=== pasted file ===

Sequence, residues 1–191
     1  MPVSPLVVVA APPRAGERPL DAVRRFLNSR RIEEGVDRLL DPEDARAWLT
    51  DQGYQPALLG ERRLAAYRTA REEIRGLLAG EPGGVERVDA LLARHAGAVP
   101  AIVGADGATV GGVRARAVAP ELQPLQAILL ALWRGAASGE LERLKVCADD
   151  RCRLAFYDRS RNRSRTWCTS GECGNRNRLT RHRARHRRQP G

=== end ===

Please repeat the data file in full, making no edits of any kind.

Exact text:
Sequence, residues 1–191
     1  MPVSPLVVVA APPRAGERPL DAVRRFLNSR RIEEGVDRLL DPEDARAWLT
    51  DQGYQPALLG ERRLAAYRTA REEIRGLLAG EPGGVERVDA LLARHAGAVP
   101  AIVGADGATV GGVRARAVAP ELQPLQAILL ALWRGAASGE LERLKVCADD
   151  RCRLAFYDRS RNRSRTWCTS GECGNRNRLT RHRARHRRQP G